If you’ve ever been to a big city, you’ve almost certainly encountered frustrating heavy traffic, poor infrastructure, and the struggle of taking over an hour just to travel a few miles. Oh, and then you have to find and fork out a lot of money for parking. Brooklyn brothers Eddie and Joseph Cohen think they have a solution. Their Tesla-inspired Infinite Machine P1 is a practical and brutalist city slicker for people more than frustrated with traffic. The scooter looks weird, but it uses common components so anyone can fix it.
October is turning out to be a weird month for two-wheeled vehicles, and I don’t even have to dig into the pages of history to deliver them! Earlier this week, we covered the freaky animal-like Yamaha Motoroid 2, and yesterday, an adorable Honda Monkey just trying its best to be a Harley-Davidson. Yesterday, a new startup entered the growing market of electric two-wheelers. Infinite Machine looks to solve the problems with too many cars piling into cities with a scooter that looks like it stole some metal from the Tesla Cybertruck. This is something you’ll be able to buy soon, so let’s take a look!
The story of Infinite Machine starts with two brothers, New Yorkers Eddie and Joseph Cohen. According to Wired, Eddie studied product design in school and at one point, worked in marketing at Apple. In 2018, Eddie joined forces with another entrepreneur to create Walden, a company providing products for meditation. Meanwhile, Joseph founded Universe, a website-building platform.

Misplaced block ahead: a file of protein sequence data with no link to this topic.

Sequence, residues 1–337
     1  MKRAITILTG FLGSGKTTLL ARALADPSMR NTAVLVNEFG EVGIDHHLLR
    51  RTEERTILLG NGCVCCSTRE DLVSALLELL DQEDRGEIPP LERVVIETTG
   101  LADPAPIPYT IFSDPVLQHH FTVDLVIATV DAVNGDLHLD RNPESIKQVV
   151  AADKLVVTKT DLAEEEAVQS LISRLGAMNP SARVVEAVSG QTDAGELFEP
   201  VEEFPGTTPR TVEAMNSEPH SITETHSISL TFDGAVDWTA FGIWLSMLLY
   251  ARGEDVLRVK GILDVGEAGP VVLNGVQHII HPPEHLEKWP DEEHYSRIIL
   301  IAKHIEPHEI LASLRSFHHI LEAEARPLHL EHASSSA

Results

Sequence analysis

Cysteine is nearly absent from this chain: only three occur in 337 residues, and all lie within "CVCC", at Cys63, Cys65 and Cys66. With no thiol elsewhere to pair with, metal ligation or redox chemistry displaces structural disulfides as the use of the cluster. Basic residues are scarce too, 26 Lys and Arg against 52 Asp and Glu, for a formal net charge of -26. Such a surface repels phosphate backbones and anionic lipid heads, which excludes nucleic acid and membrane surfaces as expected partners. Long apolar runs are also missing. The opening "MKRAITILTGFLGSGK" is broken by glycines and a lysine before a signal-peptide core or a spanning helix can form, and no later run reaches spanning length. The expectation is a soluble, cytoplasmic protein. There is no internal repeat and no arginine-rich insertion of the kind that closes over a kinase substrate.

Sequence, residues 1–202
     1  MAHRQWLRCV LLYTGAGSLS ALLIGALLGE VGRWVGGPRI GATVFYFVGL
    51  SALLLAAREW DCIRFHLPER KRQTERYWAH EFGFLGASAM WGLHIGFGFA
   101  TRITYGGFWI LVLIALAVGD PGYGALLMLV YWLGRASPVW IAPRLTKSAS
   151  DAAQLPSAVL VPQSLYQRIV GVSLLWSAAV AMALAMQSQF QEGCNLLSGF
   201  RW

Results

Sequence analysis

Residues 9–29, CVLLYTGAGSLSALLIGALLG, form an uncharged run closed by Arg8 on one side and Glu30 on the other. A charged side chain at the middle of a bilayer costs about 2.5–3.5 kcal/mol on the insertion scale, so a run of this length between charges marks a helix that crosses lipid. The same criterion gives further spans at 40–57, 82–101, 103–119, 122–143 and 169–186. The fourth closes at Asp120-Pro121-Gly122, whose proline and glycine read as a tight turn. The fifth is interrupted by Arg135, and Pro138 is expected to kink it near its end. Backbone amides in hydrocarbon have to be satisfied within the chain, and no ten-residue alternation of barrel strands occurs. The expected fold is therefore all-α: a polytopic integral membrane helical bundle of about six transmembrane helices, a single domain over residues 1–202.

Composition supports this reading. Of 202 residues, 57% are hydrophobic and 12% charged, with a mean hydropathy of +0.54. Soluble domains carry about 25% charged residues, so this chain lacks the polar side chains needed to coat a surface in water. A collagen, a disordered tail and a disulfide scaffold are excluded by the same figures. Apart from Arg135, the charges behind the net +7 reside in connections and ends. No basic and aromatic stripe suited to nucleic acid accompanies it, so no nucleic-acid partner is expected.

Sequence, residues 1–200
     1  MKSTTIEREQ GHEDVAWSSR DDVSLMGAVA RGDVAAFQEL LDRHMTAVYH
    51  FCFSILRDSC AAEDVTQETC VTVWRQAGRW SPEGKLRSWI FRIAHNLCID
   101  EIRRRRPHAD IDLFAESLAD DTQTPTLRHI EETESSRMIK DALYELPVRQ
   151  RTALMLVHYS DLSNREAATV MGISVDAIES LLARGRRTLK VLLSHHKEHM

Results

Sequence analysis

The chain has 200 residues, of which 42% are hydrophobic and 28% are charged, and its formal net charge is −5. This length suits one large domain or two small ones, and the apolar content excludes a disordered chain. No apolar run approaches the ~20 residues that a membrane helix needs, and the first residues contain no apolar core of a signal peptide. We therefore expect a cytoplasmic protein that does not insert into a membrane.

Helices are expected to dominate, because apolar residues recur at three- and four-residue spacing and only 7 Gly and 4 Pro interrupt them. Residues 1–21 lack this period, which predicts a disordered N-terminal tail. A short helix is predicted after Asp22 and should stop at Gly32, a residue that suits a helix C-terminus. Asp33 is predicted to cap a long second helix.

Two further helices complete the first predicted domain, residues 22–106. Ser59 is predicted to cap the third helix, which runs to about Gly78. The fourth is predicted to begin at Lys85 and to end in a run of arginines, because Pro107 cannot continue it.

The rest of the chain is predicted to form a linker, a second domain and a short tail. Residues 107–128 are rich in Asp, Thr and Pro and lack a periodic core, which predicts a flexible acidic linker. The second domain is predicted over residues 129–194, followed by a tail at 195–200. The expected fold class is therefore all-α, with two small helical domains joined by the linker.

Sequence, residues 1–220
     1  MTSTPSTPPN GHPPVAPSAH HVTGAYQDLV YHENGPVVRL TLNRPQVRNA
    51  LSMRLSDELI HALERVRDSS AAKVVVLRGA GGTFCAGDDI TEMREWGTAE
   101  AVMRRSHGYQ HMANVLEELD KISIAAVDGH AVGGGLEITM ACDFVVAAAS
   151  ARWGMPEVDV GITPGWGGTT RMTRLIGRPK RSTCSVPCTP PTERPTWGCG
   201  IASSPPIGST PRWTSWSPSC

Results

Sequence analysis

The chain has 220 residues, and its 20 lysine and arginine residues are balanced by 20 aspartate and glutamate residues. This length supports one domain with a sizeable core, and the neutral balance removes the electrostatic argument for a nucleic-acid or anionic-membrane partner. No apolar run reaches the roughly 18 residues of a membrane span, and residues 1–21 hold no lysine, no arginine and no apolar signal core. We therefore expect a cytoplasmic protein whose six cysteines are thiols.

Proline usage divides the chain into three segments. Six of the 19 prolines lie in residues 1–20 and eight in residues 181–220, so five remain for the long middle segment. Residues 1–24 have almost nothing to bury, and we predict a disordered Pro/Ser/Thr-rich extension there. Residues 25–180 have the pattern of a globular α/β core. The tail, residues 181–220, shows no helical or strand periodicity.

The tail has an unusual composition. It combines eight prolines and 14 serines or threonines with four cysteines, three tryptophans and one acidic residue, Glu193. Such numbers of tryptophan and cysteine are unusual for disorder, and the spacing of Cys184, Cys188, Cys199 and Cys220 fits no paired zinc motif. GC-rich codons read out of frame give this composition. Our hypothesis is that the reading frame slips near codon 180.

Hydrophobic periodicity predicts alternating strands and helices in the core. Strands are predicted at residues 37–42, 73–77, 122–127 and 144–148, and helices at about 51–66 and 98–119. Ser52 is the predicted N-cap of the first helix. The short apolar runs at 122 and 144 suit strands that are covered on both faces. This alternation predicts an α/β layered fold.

Both brothers enjoy motorcycles and scooters but have never built any. That changed after Joseph’s gas-powered Vespa broke down. The two decided to build a better scooter, partnering up with motorcycle enthusiast Zach Cooper to make it happen. Infinite Machine was founded in 2021 and the company imagines a future where people ride electric two-wheelers around cities rather than hopping into a car. The company goes as far as to say electric cars, especially large electric pickup trucks, aren’t the future of urban mobility:
The future of transportation is not giant electric pick up trucks. We need smarter tools for our transportation needs and dreams. A future beyond cars promises freedom, better living for everyone, and unadulterated fun. It’s better for the planet too.
It’s also what the planet needs. Cars—even electric ones—consume enormous amount of energy to produce and to run, and they take up a ton of space. Most cars on a congested road have just a single occupant in them.
Back in July, I told you how Erik Buell wants you to ride his Fuell Fllow rather than ride a bus. This is more or less the same idea. Eddie and Joseph would rather you ride this electric scooter rather than drive a GMC Hummer EV into a city. Infinite Machine says its debut vehicle, the P1, was designed to tackle the crowded streets of New York City.
The team at Infinite Machine, which includes personnel from defunct company Boosted Boards, see themselves as a bit of Apple with Tesla splashed in. To cut through these buzzwords, Infinite Machine says it’s not making anything new, just like how Apple didn’t invent the personal computer. But, like Apple, Infinite Machine wants to package existing parts into an attractive shape. At the same time, Infinite Machine wants to do to electric scooters what Tesla did to electric cars. As Wired writes, this Tesla influence is why the Infinite Machine looks like it was birthed in the back of a Tesla Cybertruck.